Maryland Senate To Hold Hearing Thursday On Bill to Regulate Cannabis Similarly To Alcohol

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Supporters of SB 928 — including a former Maryland narcotics officer and a public health researcher — will hold a pre-hearing media availability directly outside the hearing room at 12:30 p.m. ET

ANNAPOLIS, Md. — The Maryland Senate Judicial Proceedings Committee is scheduled to hold a hearingThursday on a bill that would regulate cannabis similarly to alcohol. Supporters of the proposal, including a former Maryland narcotics officer and a public health researcher, will hold a pre-hearing media availability at12:30 p.m. ET directly outside the hearing room (Miller Senate Office Building, 2 East Wing).

SB 928, sponsored by Sen. Richard Madaleno Jr. (D-Montgomery), would make possession and home cultivation of limited amounts of cannabis legal for adults 21 years of age and older. It would remain illegal to consume cannabis in public or drive under the influence. Prior convictions for possessing or growing amounts of cannabis made lawful by the bill would be expunged for individuals who were 21 or older at the time of the conviction.

“I’m a retired narcotics officer and Maryland native, and I support regulating marijuana for adult use because it will make our state safer,” said Maj. Neill Franklin (Ret.), executive director of the Law Enforcement Action Partnership, who plans to testify at the hearing Thursday. “Decriminalizing marijuana took the crime out of possessing it, but it did not address the criminal element associated with production and sales. Maryland’s prohibition system is keeping dangerous illegal growers and dealers in business. Adopting a tightly regulated system of licensed cultivators and sellers will weaken criminals who endanger our children, communities, and police officers.”

SB 928 also addresses concerns that were raised about the licensing process for medical cannabis businesses. Specifically, it provides opportunities for small businesses, ensures the licensing process is subject to the Minority Business Enterprise Program, and requires outreach to diverse communities to ensure they are aware of new business opportunities. The bill also contains strong provisions aimed at protecting public health and safety, such as mandatory product testing and labeling; restrictions on advertising and marketing; and rules requiring edible products to be limited to a single serving of THC and packaged in opaque, child-resistant packaging.

“Cannabis is less addictive than alcohol and many other drugs,” said Dr. Fernando Wagner, a public health researcher and professor at the Morgan State University School of Community Health and Policy, who plans to testify at the hearing Thursday. “From a public health perspective, allowing adults to purchase cannabis in a regulated market would be far better than forcing them to buy it in an illicit market.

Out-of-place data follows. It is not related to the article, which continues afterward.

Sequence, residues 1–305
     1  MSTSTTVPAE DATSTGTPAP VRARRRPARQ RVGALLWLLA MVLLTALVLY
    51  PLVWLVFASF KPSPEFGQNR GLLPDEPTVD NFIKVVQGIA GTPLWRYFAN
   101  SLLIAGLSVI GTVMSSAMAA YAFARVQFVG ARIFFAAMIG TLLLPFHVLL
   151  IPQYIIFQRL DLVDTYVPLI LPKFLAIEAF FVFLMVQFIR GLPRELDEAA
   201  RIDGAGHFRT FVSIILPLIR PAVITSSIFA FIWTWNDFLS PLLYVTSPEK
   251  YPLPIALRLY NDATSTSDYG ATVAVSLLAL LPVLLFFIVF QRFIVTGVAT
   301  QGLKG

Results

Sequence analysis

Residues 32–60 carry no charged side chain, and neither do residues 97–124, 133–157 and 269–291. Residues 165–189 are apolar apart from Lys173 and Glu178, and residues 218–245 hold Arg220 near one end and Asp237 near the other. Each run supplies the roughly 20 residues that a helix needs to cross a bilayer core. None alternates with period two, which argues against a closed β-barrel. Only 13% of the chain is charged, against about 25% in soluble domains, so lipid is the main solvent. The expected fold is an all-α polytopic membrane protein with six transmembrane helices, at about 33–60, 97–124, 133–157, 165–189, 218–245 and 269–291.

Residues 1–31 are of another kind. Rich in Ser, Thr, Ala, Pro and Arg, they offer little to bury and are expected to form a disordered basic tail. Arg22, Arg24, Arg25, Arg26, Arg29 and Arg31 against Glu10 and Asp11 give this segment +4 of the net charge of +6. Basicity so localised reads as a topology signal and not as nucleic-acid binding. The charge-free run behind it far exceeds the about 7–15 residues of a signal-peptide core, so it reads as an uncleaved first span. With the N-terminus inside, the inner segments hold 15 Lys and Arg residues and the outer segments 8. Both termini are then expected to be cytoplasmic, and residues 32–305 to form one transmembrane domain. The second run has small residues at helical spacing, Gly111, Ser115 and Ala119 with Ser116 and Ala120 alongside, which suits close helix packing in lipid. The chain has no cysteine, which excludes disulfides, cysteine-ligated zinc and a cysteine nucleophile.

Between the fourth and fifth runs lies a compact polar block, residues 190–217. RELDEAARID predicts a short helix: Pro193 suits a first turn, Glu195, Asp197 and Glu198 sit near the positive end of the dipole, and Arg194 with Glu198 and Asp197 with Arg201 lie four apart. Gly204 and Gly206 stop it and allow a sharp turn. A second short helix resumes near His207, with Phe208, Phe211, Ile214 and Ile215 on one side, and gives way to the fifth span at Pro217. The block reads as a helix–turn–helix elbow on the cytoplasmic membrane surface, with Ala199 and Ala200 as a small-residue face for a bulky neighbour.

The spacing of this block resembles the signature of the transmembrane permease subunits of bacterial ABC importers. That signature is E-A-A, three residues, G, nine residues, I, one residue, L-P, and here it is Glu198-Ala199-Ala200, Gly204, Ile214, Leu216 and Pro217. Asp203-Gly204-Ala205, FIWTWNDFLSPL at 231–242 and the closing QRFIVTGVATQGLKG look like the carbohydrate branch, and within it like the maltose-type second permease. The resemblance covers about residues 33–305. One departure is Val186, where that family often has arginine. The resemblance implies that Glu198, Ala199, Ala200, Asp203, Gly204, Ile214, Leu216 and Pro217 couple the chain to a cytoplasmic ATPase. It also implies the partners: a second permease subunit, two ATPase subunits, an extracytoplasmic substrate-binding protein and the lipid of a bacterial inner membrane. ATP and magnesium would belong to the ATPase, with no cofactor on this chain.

“The claim that marijuana is a ‘gateway drug’ to opioids and other prescription medicines is not supported by scientific research,” Wagner said. “In fact, there have been promising studies that indicate making cannabis legally available can help people reduce their use of opioids. This potential benefit is deserving of serious consideration at a time when our state is facing an opioid crisis.”

WHAT: Media availability prior to the Senate Judicial Proceedings Committee hearing on SB 928, which would regulate marijuana similarly to alcohol in Maryland

WHEN: Media availability at 12:30 p.m. ET, hearing at 1 p.m. ET

WHERE: Miller Senate Office Building, 2 East Wing, 11 Bladen St., Annapolis; the media availability will take place directly outside the hearing room

WHO: Kate Bell, legislative counsel for the Marijuana Policy Project

Maj. Neill Franklin (Ret.), retired narcotics officer, executive director of the Law Enforcement Action Partnership

Dr. Fernando Wagner, public health researcher and professor at Morgan State University School of Community Health and Policy

Rachelle Yeung, public policy counsel for the ACLU of Maryland

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The Maryland Cannabis Policy Coalition is a coalition of citizens and organizations committed to ending the failed policy of cannabis prohibition and replacing it with a system in which cannabis is regulated and taxed similarly to alcohol. For more information, visit http://www.MarylandCannabisPolicy.org.

 

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